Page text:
I had the honor of representing SSAI last week at the annual national convention of the American Society on Aging (ASA). The 19th annual Aging in America Conference (AiA19) overflowed with information on the latest challenges and innovations in the field and provided ample opportunity to make connections with business, government, foundation, community, and aging leaders across the country, all united by a desire to improve the quality of life for America’s aging citizens.
Here are some of my highlights from AiA19.
Great News for our Industry
The conference kicked off on Monday with big news… Karyne Jones, ASA Chair, announced that ASA is adding advocacy to its services. This is great news as we cannot have too many advocates for the plethora of aging issues such as the Reauthorization of the Older Americans Act, elder justice, age discrimination in the workplace, affordable long-term care, the cost of prescription medications, social isolation, and food insecurity to name but a few.
Innovation & Creative Solutions
The conference was filled with innovative thinking and creative solutions to the challenges facing older Americans. Three of my favorite sessions were the AARP Foundation Innovation Summit, the What’s Next Boomer Business Summit, and the Diversity Summit. The AARP Foundation Innovation Summit unveiled three new products in development by their Innovations Lab staff to help vulnerable seniors. This includes their My Savings Jar™, a web and mobile app, to help older Americans save $400 and retain this savings for 6 months to a year.
The 16th Annual What’s Next Boomer Business Summit is a conference within a conference, produced by Mary Furlong and Associates. The Summit brings together investors and inventors in hopes of making matches that, ultimately, will help seniors. During this year’s Summit, I saw many pitches around the uses of Amazon Alexa-type products to ease social isolation and heard first-hand lessons and insights from business leaders and social media leaders about how they came up with their idea by trying to solve a problem. I was particularly inspired by the story of Carrie Shaw, CEO, and Founder of Embodied Labs. Carrie got frustrated with the in-home help who did not understand what her mom, who sufferance from Alzheimer’s, needed. So Carrie developed goggles that blocked the vision of the wearer on one side and allowed the home health workers to directly experience her mother’s challenges. I love seeing innovation that allows people to build empathy and improve service to our older Americans!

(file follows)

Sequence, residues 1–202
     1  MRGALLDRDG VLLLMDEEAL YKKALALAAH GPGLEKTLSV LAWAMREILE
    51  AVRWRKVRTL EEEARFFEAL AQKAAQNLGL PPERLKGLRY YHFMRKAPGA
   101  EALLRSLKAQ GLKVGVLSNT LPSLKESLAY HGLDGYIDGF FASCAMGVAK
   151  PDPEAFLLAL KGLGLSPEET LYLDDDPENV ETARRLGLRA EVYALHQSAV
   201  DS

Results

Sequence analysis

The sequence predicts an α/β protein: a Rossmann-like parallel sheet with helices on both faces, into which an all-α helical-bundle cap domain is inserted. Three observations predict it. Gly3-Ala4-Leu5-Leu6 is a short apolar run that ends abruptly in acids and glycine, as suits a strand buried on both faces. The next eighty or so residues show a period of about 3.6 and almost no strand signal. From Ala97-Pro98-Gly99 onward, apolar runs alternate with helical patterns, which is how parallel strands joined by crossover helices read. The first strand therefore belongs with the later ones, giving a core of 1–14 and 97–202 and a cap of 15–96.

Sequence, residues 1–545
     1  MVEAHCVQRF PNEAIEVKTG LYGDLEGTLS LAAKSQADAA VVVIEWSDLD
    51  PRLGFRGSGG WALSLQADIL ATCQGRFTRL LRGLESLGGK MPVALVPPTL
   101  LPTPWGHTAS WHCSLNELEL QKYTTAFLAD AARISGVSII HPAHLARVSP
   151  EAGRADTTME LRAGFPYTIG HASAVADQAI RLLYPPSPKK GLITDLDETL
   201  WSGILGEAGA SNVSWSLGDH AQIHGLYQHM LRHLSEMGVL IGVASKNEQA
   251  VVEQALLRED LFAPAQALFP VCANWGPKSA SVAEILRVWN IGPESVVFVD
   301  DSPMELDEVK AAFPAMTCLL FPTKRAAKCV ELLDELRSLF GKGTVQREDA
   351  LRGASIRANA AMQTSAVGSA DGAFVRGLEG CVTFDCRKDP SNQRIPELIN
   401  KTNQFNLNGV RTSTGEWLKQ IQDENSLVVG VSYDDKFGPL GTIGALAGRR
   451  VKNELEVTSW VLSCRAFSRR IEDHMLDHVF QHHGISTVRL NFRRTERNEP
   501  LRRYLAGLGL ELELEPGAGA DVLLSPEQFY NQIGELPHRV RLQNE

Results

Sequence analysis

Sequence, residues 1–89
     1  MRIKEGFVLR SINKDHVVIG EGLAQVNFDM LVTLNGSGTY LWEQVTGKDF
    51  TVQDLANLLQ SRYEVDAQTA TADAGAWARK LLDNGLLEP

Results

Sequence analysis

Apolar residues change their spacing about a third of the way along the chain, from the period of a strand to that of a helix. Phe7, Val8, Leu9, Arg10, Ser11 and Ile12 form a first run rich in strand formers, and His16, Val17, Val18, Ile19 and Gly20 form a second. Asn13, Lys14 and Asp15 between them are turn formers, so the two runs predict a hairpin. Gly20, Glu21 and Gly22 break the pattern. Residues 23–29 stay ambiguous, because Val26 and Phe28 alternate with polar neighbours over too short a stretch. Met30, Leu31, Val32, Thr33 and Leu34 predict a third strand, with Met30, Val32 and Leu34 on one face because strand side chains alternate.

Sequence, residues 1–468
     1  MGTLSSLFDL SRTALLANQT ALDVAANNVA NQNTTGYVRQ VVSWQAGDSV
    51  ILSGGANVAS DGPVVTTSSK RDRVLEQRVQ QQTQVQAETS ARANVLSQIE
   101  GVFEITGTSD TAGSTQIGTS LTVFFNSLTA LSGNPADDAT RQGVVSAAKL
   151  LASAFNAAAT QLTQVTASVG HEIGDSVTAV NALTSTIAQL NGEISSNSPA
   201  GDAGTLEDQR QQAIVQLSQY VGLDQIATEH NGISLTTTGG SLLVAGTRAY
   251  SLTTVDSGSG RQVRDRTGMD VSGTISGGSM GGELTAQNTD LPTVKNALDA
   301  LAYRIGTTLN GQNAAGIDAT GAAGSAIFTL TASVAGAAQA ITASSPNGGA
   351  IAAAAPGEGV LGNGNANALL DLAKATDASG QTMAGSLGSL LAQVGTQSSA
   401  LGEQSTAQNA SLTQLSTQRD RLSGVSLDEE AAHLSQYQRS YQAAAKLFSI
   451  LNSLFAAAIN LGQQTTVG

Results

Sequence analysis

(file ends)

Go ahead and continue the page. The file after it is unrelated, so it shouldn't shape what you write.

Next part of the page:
And, of course, I would be remiss if I didn’t mention the 2019 Diversity Summit which was sponsored by SSAI. The Summit was opened by our own Chief Operating Officer, Donna Satterthwaite, and brought together thought leaders from across the aging field to explore the economic and social inequality affecting diverse older adults. Dr. Karen D. Lincoln provided fascinating research on the root causes of senior poverty and the need for early intervention through opportunity.
Older Workers & Employment
Lastly, AiA19 had some great discussions around employment and the older worker. Despite historically low unemployment and 7.1 million open jobs, there are 1.1 million older workers who are unemployed and need help reentering the workforce. I joined my colleagues from NAPCA to present the session, The Changing Workforce and Older Workers, where we discussed the Senior Community Employment Services Program (SCSEP). SCSEP is the only federally funded program targeting training and employment for older workers, and I was thrilled to see the interest and excitement among our audience for workforce solutions.
In closing, I am already looking forward to AiA20. I have been working in the aging services field for more than 20 years and the excitement, vitality, creativity, and energy at the annual AiA conference is always a highpoint.